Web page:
What’s the Difference Between Spotted, Brown, Black, and Meadow Knapweed?

By CELESTINE DUNCAN, TechLine Editor

Twenty two different knapweed (Centaurea sp) species are well established in the United States. Four of these knapweed overlap in distribution and share similar morphological characteristics. This includes spotted (C. stoebe), brown (C. jacea), black (C. nigra) and meadow knapweed (C. xmoncktonii). The key to separating these and other knapweed species are the involucre bracts.1 These four knapweed spread by seed, but brown, black, and meadow knapweed can also spread from woody root crowns.

 
Spotted Knapweed
(C. stoebe)
Photo Celestine Duncan
Spotted Knapweed
  • Native to Eurasia
  • Biennial or perennial; tap root
  • 8 to 48 inches tall
  • Leaves: basal leaves 1-2 times divided into lobes; 4 in. long and 1.2 in. wide; upper leaves linear entire2 or only once lobed and smaller
  • Flower: pink to purple, sometimes white
  • Bracts: black tipped bracts, tip and upper margin have soft, spine-like fringe; center spine shorter than others (see inset image)
  • Spread by seed
  • Management
Spotted Knapweed Distribution
Black Knapweed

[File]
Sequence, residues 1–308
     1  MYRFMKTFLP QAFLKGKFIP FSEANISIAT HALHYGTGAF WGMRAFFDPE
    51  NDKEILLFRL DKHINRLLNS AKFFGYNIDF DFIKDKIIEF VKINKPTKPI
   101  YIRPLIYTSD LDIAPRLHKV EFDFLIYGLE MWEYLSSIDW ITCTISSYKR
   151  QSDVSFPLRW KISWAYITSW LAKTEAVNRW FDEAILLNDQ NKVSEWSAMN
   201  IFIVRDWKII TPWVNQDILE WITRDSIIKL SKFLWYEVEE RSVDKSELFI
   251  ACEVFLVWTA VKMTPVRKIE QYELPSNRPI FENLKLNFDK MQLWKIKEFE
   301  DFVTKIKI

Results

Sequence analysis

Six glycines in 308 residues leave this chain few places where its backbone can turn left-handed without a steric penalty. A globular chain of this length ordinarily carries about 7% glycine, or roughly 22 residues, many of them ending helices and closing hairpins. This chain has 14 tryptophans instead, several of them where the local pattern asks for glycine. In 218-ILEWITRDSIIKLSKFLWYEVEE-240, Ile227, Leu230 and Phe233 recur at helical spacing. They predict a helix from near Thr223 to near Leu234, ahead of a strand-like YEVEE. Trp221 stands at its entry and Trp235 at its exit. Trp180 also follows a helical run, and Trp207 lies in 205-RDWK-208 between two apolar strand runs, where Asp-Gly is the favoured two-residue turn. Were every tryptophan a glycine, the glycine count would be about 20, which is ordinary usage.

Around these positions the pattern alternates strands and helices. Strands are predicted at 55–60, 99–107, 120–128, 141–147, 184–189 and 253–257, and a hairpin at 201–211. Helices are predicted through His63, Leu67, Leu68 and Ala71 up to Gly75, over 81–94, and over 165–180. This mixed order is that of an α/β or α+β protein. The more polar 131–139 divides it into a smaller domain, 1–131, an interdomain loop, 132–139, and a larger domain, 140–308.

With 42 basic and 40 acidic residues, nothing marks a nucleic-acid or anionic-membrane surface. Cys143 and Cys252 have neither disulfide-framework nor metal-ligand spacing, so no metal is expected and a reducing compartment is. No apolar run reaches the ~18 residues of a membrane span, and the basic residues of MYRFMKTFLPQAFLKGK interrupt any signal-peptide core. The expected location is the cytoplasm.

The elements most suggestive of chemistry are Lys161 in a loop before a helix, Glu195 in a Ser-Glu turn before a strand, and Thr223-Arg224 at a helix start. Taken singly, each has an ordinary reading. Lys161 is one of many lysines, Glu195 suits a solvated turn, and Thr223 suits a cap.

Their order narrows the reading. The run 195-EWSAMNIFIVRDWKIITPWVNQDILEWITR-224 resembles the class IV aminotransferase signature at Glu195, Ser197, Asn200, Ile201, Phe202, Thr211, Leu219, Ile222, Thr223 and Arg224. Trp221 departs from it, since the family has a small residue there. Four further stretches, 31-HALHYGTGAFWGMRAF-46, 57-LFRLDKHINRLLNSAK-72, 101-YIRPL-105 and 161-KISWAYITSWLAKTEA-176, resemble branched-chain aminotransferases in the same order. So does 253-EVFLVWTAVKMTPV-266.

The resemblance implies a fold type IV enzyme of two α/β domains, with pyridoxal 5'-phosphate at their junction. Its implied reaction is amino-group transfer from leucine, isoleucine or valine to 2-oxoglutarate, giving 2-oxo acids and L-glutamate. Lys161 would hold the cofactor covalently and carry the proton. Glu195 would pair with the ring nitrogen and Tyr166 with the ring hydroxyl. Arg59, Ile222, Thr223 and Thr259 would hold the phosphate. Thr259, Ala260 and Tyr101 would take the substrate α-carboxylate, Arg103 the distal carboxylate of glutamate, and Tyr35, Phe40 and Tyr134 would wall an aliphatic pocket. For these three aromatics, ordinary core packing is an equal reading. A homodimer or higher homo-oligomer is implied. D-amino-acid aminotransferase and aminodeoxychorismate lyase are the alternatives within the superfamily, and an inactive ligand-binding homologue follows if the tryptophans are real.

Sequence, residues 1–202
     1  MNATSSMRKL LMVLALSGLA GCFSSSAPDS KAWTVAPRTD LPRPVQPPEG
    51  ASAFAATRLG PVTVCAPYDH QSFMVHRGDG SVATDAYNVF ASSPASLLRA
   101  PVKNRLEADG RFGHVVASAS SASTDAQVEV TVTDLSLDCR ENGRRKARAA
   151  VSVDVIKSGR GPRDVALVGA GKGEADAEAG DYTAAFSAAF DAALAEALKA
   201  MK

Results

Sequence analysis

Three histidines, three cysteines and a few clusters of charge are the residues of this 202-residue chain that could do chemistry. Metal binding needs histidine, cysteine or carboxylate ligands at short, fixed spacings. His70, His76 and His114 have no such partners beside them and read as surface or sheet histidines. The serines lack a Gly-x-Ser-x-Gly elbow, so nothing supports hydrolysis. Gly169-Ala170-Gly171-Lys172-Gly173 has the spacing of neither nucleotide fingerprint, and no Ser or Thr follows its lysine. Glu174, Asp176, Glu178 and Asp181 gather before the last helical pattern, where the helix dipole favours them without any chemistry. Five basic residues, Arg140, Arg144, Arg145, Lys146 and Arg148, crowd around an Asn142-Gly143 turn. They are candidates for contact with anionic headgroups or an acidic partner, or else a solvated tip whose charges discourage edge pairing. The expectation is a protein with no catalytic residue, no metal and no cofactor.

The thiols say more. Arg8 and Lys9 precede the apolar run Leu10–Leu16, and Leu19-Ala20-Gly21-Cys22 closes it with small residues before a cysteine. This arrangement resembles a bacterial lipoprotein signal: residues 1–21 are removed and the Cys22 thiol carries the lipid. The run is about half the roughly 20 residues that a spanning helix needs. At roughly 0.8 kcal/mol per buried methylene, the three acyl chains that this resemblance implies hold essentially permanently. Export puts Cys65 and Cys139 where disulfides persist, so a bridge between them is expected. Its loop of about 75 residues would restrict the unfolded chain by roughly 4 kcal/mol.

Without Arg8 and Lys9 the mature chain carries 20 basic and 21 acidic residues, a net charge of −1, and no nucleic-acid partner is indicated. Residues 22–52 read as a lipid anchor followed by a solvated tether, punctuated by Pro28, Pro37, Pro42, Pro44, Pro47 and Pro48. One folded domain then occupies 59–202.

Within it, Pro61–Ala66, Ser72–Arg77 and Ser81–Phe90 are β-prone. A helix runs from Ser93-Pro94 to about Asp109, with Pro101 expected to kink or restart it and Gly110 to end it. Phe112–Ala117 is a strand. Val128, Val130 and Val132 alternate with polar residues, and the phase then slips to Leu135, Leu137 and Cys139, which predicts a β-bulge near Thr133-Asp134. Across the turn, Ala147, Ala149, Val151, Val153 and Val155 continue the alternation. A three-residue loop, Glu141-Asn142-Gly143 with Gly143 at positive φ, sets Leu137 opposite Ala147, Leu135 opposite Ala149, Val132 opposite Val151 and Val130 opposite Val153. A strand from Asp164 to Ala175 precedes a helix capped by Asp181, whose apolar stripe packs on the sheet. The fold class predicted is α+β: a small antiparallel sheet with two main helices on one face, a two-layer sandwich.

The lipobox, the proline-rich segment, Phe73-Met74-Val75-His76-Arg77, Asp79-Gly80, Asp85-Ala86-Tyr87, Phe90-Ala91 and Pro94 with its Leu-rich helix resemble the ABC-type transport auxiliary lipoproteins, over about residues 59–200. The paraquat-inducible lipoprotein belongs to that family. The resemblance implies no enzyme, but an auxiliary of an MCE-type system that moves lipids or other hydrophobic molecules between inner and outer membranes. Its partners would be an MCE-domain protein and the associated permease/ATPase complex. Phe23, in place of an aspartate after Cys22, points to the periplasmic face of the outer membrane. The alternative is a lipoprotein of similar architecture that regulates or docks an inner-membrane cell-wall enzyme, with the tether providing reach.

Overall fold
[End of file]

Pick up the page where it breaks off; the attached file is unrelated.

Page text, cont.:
(C. nigra)
Photo by Joe DiTomaso, Univ of Cal.–Davis, Bugwood.org
Black Knapweed
  • Native to western Europe
  • Perennial; woody root crown
  • 8 to 32 inches tall
  • Leaves: basal leaves broadly lance-shaped, becoming smaller up the stem
  • Flower: rose to lavender
  • Bracts: oval-shaped with broad, comb-like, dark brown or black fringed margins; fringe length up to 3X as long as bract width (see inset image
  • Spread by seed and woody root crown
  • Management
Black Knapweed Distribution
Brown Knapweed
(C. jacea)
Photo Cindy Roche, Bugwood.org
Brown Knapweed
  • Native to Eurasia
  • Perennial; woody root crown
  • 20 to 48 inches tall
  • Leaves: basal leaves lance-shaped up to 6 in. long, becoming smaller up the stem
  • Flower: rose to purple, rarely white
  • Bracts: somewhat hairy, broad, thin papery margins; center of bract is dark brown (see inset image)
  • Spread by seed and woody root crown
  • Management


Brown Knapweed Distribution
Meadow Knapweed
(C. ×moncktonii)
Photo by Eric Coombs, Ore. Dept of Ag., Bugwood.org
Meadow Knapweed
  • Hybrid: brown X black knapweed
  • Perennial; woody root crown
  • 20 to 40 inches tall
  • Leaves: Basal leaves lance-shaped, up to 6 in long; upper leaves smaller and entire 2
  • Flower: rose to purple, rarely white
  • Bracts: light to dark brown, roundish, thin papery margin with fringes about equal width of bract center (see inset image)
  • Spread by seed and woody root crown
  • Management

Meadow Knapweed Distribution
 
 

1. Involucre bracts are small leaf- or scale-like structures surrounding an inflorescence, located just below flower petals.
2. "Entire leaf margins" refers to leaves that are neither toothed, lobed, nor compound, i.e. simple with smooth margins.